Tango Tourism
A trip to Buenos Aires to learn the tango as only the porteños know how
by Maria Schamis Turner

I stand on a piece of paper as Eduardo, the persuasive salesman who runs the store, carelessly traces the outline of my sweaty feet, thus initiating me into the rites of buying a pair of tango shoes at Flabella. And then, as all Argentines are accustomed to doing, I wait.

As anyone who dances tango knows, shoes are a vital part of the dancer's outfit, and of the dance itself. Buying tango shoes in Buenos Aires is about more than just getting a good pair of shoes—it also provides me with concrete proof of my time in the tango capital, just in case the improvement in my dancing isn't noticeable.

Flabella is a tiny shoe store located at 263 Suipacha, one of the small and slightly shabby streets that run through the city center, not far from the Confitería Ideal-an aging café from the turn of the last century that is also a tango hot spot. Unlike most shoe stores, Flabella does not actually have a whole lot of shoes in stock, the idea being that you order from a selection of styles, which are then custom made to fit your feet.

More than a month after placing my order, (I am lucky-for some the waiting period extends beyond the time of their stay in Argentina), I receive a phone call telling me that my shoes are ready. After the anxiety of waiting, comes the real fear: will they be the right shoes? It is not unusual at Flabella to find that your custom-made shoes are not quite as you imagined them. A Size 6 can come out a Size 5. If you have ordered suede soles, you may get leather. Silver trim ends up red, and so on. As I worry that my toes feel a little too cramped, Eduardo dances me around the store proclaiming that the most beautiful women come from Montreal-my home town. I buy the shoes and leave the store with a beautiful pair of open-toed, cross-strapped, 3-inch heeled tango shoes that fit, more or less. All I need is to learn how to dance.


I am one of a special breed of tourists to be found in Buenos Aires: the tango tourist. We are not interested in trekking through Patagonia, or beating off the mosquitoes at Iguazu, but in finding the best places to dance in Argentina's bustling cosmopolitan capital. Encouraged by the devaluation of the peso and plummeting prices, and in spite of the political instability of the country, we come here with one sole purpose: to learn to tango as only the porteños, the residents of Buenos Aires, know how.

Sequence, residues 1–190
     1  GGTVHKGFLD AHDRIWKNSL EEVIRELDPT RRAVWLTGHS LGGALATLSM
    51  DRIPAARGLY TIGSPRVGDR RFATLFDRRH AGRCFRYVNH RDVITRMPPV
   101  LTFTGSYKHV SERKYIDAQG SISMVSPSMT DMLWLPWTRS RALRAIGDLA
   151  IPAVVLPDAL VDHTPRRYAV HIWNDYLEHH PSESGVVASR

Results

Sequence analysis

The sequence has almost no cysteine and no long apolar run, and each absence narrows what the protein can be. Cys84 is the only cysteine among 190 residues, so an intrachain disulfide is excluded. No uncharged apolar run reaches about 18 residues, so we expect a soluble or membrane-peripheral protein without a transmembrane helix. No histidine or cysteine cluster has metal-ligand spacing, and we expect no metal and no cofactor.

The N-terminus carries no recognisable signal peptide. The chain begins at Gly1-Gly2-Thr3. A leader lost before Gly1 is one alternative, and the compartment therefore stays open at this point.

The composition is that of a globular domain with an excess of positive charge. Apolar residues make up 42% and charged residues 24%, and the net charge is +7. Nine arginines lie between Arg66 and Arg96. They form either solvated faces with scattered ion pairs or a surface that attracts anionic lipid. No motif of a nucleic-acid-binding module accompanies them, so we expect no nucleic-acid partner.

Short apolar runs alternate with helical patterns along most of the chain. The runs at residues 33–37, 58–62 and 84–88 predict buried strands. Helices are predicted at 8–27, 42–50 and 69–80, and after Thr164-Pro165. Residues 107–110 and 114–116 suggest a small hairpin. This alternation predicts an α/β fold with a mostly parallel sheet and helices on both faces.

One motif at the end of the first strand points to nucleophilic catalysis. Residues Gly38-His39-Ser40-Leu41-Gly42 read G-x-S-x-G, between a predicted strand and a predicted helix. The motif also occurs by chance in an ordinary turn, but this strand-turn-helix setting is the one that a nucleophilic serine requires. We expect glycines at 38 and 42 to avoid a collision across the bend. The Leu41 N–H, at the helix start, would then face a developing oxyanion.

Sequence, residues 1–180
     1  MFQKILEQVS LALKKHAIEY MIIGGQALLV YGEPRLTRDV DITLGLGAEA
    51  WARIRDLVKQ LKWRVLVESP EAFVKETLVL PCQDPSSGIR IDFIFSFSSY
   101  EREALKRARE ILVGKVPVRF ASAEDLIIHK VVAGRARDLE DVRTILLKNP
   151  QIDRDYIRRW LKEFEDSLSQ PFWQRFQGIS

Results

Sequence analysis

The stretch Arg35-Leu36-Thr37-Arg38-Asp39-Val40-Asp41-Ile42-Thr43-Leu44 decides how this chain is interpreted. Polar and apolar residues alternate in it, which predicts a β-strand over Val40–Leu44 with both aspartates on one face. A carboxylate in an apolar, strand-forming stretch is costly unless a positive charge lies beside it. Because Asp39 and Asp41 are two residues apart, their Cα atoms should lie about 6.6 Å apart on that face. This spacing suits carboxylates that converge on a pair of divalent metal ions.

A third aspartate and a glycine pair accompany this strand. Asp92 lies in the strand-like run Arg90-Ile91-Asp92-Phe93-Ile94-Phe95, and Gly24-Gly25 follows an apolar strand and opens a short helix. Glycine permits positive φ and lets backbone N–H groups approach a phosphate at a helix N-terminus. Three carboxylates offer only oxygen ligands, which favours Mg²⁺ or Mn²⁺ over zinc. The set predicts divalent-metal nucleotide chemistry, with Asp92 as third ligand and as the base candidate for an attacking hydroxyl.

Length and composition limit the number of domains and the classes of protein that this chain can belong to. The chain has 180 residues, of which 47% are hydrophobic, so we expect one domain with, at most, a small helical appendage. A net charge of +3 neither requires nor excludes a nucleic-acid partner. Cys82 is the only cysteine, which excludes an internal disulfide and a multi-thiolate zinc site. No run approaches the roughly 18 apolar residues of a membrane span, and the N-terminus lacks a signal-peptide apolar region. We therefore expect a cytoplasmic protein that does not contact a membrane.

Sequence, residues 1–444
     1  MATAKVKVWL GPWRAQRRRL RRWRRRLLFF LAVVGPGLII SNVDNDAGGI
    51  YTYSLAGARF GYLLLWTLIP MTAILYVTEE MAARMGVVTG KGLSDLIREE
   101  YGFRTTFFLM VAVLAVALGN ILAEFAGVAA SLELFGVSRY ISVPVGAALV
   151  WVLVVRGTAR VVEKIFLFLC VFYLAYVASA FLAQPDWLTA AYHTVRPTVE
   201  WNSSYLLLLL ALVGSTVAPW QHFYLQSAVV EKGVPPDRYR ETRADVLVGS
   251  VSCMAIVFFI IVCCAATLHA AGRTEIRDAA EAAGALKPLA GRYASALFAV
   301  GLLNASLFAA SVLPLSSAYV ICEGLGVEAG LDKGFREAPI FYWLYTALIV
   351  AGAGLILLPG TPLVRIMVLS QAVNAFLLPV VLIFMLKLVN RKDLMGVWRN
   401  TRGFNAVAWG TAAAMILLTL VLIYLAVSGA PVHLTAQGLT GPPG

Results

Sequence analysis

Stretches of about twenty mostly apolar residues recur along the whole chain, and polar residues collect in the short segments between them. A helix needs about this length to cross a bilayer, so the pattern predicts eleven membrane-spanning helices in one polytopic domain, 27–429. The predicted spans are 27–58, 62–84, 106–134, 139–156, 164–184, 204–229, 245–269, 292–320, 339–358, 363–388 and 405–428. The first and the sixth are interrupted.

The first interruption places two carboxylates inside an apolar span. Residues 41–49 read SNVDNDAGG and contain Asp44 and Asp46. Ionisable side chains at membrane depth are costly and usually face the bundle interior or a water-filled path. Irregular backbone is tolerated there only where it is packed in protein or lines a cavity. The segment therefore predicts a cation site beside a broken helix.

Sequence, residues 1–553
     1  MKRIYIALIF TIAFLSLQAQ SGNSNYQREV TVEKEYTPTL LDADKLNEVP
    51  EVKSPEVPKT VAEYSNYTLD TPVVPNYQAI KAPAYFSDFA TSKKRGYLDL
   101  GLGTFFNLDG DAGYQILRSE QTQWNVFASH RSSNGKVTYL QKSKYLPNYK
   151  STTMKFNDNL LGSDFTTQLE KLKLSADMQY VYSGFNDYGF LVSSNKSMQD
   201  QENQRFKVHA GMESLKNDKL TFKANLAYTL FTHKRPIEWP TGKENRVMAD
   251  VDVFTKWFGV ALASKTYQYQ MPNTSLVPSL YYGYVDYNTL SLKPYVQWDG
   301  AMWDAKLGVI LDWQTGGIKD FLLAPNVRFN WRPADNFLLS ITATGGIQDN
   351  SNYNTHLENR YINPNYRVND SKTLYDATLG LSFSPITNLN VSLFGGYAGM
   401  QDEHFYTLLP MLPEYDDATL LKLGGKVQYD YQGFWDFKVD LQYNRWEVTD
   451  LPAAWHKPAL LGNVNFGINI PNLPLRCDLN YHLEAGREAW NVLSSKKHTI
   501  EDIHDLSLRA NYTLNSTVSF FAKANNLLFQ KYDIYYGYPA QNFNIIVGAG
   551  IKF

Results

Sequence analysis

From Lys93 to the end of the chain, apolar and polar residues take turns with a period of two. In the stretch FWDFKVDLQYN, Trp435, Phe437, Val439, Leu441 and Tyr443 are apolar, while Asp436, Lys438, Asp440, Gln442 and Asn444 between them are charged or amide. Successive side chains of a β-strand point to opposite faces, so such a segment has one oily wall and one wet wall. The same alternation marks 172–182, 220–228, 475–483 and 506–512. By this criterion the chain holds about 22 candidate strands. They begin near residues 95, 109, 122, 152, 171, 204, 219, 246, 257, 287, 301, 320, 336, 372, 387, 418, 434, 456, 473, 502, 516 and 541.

Like many other tango tourists, I am not a neophyte. I know the basics and can dance passably well, but am far from being the seductive, long-legged, and nimble-footed dancer that tango brings to mind.

I begin by testing the waters in a group class held by Fernando Galera and Vilma Vega at El Beso, a nondescript tango club in the center of the city at the corner of Riobamba and Corrientes. I had heard from a reliable source that they are good dancers and, more important, good teachers. I immediately recognize the other tango tourists in my class by the hesitant way they enter the room, as I had done, double-checking a dog-eared copy of el tangauta (an indispensable guide to tango in Buenos Aires for tourists and locals alike) to make sure that they are in the right place.

In fact, most of the students in the class are foreigners, or extranjeros as the locals call us. Some have gone to a lot of trouble to learn Spanish, to be able to quote tango lyrics and impress their fellow dancers back home, as well as to better negotiate their way around the city. Others, as with tourists everywhere, speak only their own language and a broken English, the default international language. Fernando sticks to Spanish, but Vilma quickly adjusts to teaching in Spanglish—a mixture of Spanish and English that most tourists become fluent in after a few weeks. "Do not lean backward si? You go forward with your pecho, entendés?" She pokes my partner Frank, a German living in Italy, in the chest. Frank adds to the linguistic confusion by greeting everyone with a cheery "Ciao." Ciao (spelled chau in Argentine Spanish) is used in Italy for both hello and goodbye, but only for parting in Argentina. As a result, we never know if Frank is coming or going.

Guillermo, one of the only Argentines present, confuses me further by speaking to me in perfect French, learned from several years lived in France. I spend at least a week thinking that he is French before finding out that he is from Bahía Blanca, an industrial port town south of Buenos Aires, but now lives in San Francisco. Although the envy of his friends and family for having escaped the country and its dire economic problems, Guillermo is experiencing nostalgia for his mother country because he is learning what all tango tourists find out at one moment or another: Buenos Aires is a tango eldorado. Here you can dance tango day and night, seven days a week.